Today in hockey history, the first “official” rules of hockey are published (let’s just say they needed some work), a Red Wings legend records an accomplishment, a big trade that supposedly happened, a popular Mighty Duck reaches a milestone, and a player reaches a milestone of two stats that usually don’t go hand-in-hand.
February 27, 1877 – The first formal rules of hockey were published in the Montreal Gazette in an article entitled “Hockey on Ice.” The game was a bit simpler back then, as there were just seven rules published, including several for what to do when the “ball” goes “out of play” (there were no boards back then). There obviously have been many changes to the rules, but the spirit of the rulebook has not changed since then, as, just like in the original, rules continue to be wordy and confusing, and nobody knows how to interpret them, including the officials.
February 27, 1988 – Steve Yzerman picked up an assist to become just the fourth player to record 100 points in a season as a Detroit Red Wing (in a 5-4 loss against the Nordiques). You would think a team with a rich history of success would have had more players do that.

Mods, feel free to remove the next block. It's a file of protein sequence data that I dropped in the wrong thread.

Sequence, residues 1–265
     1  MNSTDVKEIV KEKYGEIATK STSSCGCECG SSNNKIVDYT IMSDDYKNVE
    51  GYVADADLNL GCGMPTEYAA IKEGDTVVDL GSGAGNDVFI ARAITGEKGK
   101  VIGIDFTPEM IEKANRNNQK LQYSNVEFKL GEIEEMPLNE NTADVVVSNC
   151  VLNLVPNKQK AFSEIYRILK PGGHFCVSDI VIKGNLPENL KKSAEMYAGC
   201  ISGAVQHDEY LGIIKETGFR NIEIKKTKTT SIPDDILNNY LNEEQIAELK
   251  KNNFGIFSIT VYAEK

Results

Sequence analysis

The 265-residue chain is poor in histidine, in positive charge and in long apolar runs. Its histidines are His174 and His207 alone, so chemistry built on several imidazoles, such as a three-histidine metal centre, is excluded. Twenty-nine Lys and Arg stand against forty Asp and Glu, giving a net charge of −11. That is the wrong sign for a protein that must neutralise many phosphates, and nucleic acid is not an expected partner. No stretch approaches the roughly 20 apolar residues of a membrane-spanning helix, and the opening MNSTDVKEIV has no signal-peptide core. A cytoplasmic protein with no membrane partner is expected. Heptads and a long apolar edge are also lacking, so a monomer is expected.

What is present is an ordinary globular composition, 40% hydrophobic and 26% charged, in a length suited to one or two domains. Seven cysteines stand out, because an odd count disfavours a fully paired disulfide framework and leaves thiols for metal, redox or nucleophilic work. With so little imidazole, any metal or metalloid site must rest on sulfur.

February 27, 1996 – St. Louis obtained Wayne Gretzky from Los Angeles in exchange for Craig Johnson, Patrice Tardif, Roman Vopat, and a first- and fifth-round draft pick, in a trade that probably never happened, says every hockey fan skeptically.
February 27, 1999 – Teemu Selanne became the sixth-fastest player to score 300 goals, putting one in the net and adding three assists in a 4-1 Mighty Ducks win vs. the Sharks. The feat came about midway through his eighth NHL season, with about one-fourth (76) of those goals coming in one year – his rookie year.
February 27, 2000 – Pat Verbeek became just the second player (along with Dale Hunter) to collect both 1,000 career points and 2,000 career penalty minutes, picking up two assists in a 3-1 Red Wings win against Tampa Bay. Just imagine how many more points he would have had if he didn’t spend so much time in the box.
Source: Hockey Hall of Fame